A Place in the Sun (George Stevens, 1951)

The Criterion Collection, a continuing series of important classic and contemporary films presents A Place in the Sun.

criterion logoBased on Theodore Dreiser’s landmark novel An American Tragedy, George Stevens’ A Place in the Sun is a swooningly noir-stained melodrama featuring Montgomery Clift as a handsome young man eager to win a place in respectable society. His ambitious dream seems to fall into place when he accepts a job offer from a wealthy relation and falls deeply in love with a beautiful socialite (Elizabeth Taylor), however a secret relationship with a factory girl (Shelley Winters) and her pregnancy threatens his future and inspires his murderous impulses. Called “the greatest movie ever made about America” by Charlie Chaplin, Steven’s film skillfully alternates between affluent, sun-washed romance and shadowy, fateful film noir, crafting an idealized vision of movie love against a sour portrait of the American dream and what lies beneath it.

SPECIAL FEATURES:

  • New 4K digital master with uncompressed monaural soundtrack on the Blu-ray
  • Audio commentary with George Stevens Jr. and associate producer Ivan Moffat
  • New interview with film critic Imogen Sara Smith
  • George Stevens and His Place in the Sun, a 20-minute documentary on the making of the film
  • George Stevens: The Filmmakers Who Knew Him, archival interviews with Warren Beatty, Frank Capra, Joe Mankiewicz, Rouben Mamoulian, Antonio Vellani, Robert Wise, Alan J. Pakula, and Fred Zinnemann
  • Theatrical Trailer
  • Optional English subtitles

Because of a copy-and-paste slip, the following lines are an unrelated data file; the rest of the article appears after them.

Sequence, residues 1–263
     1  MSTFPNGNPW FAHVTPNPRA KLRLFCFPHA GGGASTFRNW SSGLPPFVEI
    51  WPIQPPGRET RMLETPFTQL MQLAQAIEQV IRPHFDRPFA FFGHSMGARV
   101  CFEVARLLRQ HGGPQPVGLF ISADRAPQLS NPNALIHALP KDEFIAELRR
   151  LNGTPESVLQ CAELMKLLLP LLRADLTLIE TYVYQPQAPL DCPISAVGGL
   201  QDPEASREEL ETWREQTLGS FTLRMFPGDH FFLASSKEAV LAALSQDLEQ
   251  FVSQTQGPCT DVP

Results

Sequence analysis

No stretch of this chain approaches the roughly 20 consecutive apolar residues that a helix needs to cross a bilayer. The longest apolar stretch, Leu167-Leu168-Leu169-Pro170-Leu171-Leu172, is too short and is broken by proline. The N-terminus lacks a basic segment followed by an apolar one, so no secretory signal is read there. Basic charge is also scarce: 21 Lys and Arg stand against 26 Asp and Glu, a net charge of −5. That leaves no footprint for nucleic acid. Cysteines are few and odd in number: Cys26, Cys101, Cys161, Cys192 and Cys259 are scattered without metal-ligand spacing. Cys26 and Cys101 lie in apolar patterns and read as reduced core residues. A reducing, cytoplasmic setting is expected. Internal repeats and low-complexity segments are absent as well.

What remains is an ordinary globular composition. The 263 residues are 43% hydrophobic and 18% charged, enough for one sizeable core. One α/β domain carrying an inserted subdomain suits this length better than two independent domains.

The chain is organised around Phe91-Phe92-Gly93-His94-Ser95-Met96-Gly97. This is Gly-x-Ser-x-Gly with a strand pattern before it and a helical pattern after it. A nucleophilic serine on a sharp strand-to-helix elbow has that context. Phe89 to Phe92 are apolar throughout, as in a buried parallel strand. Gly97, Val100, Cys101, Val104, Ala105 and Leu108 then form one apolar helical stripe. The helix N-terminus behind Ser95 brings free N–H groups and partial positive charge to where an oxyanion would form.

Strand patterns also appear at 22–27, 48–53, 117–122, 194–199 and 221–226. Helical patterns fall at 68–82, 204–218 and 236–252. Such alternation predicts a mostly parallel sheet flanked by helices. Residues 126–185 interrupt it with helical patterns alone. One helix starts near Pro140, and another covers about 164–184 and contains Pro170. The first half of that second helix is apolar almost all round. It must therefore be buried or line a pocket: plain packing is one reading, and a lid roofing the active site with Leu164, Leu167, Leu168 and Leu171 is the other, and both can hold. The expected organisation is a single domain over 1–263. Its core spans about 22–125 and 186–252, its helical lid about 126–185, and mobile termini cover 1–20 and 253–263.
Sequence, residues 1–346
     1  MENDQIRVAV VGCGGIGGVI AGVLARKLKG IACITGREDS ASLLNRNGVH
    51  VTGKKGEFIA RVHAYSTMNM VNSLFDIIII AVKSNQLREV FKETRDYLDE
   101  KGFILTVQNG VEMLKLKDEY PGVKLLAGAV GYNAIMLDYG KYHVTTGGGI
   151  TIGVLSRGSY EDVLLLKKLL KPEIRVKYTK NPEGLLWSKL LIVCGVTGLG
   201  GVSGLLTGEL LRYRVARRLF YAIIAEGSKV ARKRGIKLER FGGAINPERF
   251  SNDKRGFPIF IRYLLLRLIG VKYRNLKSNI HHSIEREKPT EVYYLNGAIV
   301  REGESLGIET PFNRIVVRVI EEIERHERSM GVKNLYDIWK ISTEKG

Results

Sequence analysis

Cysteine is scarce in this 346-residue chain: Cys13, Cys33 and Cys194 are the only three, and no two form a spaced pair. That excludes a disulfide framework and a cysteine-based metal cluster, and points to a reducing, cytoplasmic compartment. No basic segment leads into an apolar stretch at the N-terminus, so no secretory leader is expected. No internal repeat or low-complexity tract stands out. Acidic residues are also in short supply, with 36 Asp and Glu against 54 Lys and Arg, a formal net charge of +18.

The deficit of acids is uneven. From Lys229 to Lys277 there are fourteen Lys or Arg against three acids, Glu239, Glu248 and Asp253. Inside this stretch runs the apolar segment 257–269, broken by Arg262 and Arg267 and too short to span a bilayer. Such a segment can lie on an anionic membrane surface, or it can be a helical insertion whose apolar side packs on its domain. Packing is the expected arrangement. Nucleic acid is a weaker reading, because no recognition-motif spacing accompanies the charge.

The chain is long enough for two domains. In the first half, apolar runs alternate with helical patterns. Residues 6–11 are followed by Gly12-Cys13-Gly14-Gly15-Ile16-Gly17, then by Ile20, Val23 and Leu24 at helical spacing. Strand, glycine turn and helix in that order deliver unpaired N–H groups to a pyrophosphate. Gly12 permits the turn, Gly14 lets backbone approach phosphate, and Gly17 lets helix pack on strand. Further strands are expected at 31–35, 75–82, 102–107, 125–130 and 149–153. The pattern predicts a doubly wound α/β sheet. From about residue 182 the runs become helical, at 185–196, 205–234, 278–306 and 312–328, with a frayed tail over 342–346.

• PLUS: An essay by film scholar Laurent Jullier

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Freud (John Huston, 1962)

The Criterion Collection, a continuing series of important classic and contemporary films presents Freud.

criterion logoJohn Huston directs Montgomery Clift, Susannah York, Larry Parks, and Susan Kohner in this biographical study of psychologist Sigmund Freud (Clift) as he develops his ground-breaking theories on the subconscious and its impact on daily life.  At a point in his life where disillusionment abounds and Freud finds himself at odds with his fellow colleagues, a visit to a Parisian clinic where hypnosis is used to treat hysterical patients inspires him to experiment with bold new techniques.  Freud concentrates his efforts on Cecily Koerttner (York), a young woman suffering a nervous and physical breakdown in the wake of her father’s death, and through whom Freud comes to appreciate the significances of sexual repression, paternal obsession, free association and hypnosis.  Gradually, the dark and frightening depths of the human mind are revealed to Freud, forcing him to examine his own disturbing dreams and question his own assumptions about himself.  Huston draws an earnestly conflicted performance from Clift in this shadowy, Gothic dramatization of the psychoanalyst’s work from 1885 to 1890.

Disc Features:

  • New, restored 2K digital film transfer, with uncompressed monaural soundtrack on the Blu-ray edition
  • Audio commentary featuring film scholar Norman N. Holland
  • Huston, Sartre and the Freud Scenario, a visual essay on Huston’s failed collaboration with Jean-Paul Sartre to develop an original screenplay for Freud, made in collaboration with the National University of Ireland, Galway Archive’s Huston Family Collection
  • Huston’s 1946 documentary on the treatment of American soldiers suffering from shell-shock, Let There Be Light
  • PLUS:  A booklet featuring an essay by director David Cronenberg

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